Sol Power tapped as Charlestown contractor for state solar program

Sol Power tapped as Charlestown contractor for state solar program

The Westerly Sun

CHARLESTOWN — Sol Power, a Providence firm, was recently chosen as the town’s contractor for the Solarize Rhode Island program, which incentivizes homeowners to install solar panels through economies of scale when multiple households sign up.

Solarize Rhode Island is a residential and commercial solar campaign that partners with municipalities to offer solar panel installation at a reduced cost. Now in its third year, the partnership between the Rhode Island Office of Energy Resources, the Commerce Corporation, and the nonprofit marketing firm SmartPower has led to more than 475 residents and business owners in 13 municipalities signing contracts for small-scale solar electricity systems. Charlestown is the 14th municipality in the state to offer the Solarize program to its residents.

The program reduces solar costs by offering competitively selected installers, a tiered pricing system and time-limited offer to incentivize great participation and community-based marketing.

The average price per watt for solar panel installation in Rhode Island is $3.89, said Karen Stewart, Community Outreach Manager for SmartPower Rhode Island, but Sol Power offered a shared price model in three tiers: Tier one was $3.14 per watt for one to 12 installations; tier two was $3.04 per watt for 13 to 25 installations; and tier three was $2.94 per watt for 25 or more installations.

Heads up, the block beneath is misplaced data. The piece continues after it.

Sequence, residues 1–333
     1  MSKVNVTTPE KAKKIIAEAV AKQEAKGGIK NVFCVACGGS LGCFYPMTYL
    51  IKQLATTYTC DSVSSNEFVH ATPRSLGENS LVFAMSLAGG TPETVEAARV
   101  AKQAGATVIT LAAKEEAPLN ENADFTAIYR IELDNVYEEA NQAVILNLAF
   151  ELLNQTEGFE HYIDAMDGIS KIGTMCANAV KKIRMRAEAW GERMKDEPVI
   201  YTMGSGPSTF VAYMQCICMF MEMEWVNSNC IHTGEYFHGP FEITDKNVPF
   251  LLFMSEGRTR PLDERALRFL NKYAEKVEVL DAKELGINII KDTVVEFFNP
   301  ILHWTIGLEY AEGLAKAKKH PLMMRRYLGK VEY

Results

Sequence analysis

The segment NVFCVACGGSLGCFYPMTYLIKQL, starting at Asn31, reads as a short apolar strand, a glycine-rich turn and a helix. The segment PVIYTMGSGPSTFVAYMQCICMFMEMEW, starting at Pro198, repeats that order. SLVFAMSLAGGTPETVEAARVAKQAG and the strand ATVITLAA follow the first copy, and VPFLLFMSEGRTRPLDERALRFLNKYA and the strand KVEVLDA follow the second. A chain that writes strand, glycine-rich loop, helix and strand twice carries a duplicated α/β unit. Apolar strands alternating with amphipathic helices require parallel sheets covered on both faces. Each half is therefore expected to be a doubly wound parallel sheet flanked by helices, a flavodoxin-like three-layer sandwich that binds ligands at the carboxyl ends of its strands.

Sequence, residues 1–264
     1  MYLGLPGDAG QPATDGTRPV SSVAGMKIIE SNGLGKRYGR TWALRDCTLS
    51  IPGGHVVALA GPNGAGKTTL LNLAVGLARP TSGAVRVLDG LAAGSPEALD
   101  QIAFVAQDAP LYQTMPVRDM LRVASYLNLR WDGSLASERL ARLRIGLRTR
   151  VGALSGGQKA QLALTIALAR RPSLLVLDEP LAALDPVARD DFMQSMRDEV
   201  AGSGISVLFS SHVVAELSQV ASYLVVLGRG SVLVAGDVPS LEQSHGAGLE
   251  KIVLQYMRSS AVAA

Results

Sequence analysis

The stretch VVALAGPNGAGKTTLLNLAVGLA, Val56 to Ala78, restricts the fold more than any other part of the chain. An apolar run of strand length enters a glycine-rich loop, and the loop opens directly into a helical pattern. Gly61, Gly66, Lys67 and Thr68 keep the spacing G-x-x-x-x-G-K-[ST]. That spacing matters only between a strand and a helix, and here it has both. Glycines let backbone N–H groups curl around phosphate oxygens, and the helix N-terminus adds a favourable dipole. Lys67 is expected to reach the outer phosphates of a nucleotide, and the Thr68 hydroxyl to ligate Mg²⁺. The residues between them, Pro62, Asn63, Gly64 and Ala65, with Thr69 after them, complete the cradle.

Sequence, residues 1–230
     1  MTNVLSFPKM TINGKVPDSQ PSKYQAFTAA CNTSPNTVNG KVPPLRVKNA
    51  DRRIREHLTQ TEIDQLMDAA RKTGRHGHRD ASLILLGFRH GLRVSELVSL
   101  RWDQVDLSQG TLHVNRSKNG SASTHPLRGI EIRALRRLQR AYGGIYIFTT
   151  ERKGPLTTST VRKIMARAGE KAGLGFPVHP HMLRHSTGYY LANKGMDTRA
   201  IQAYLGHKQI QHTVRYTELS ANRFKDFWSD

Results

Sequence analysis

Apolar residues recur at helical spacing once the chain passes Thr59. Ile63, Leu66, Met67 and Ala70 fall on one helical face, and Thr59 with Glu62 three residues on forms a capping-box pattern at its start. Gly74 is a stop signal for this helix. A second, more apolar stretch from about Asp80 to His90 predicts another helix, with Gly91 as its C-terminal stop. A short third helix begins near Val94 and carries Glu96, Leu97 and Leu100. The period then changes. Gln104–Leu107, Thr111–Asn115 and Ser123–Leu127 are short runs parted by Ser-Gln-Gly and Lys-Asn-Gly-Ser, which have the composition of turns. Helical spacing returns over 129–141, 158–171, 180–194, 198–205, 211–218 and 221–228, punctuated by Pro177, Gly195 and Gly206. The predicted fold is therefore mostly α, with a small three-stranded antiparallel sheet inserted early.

“The idea of Solarize is to simplify the process for homeowners by selecting a contractor and having a limited sign-up period to allow a bulk purchase that lowers the price for everyone,” said Ruth Platner, chairwoman of the Planning Commission, in an email Wednesday. “As more sign up, the price drops; early signers get money back as the price drops.”

Platner said the solar installations are geared for homeowners and small businesses, including farms, for net metering, which credits solar homes for the electricity they add to the grid. These projects are not intended to produce electricity for the commercial sale of power, she said.

Eight qualified solar installers were scored by the town, the Commerce Corporation, the office of energy resources and SmartPower. Based on the scores, the list was whittled down to three installers the town interviewed.

Sol Power stood out because the town wanted to support a Rhode Island-based company. Plus, the company had a strong Charlestown connection because its vice president, Tyler Mason, is a town resident. Sol Power is also a worker-owned cooperative, where the workers have a stake in the company, which was another important factor in the decision process, Platner said.

“All of the companies we reviewed were very well qualified, but the Charlestown connection and the relationship of the workers to the company really made this company stand out,” Platner said.

Platner and Julie Carroccia, vice president of the Town Council, wrote the application to allow Charlestown to qualify for the program. Platner, Carroccia, and residents Jeff Rayner and Stephen Stokes have worked as a team to provide information about the program to homeowners and small business owners.

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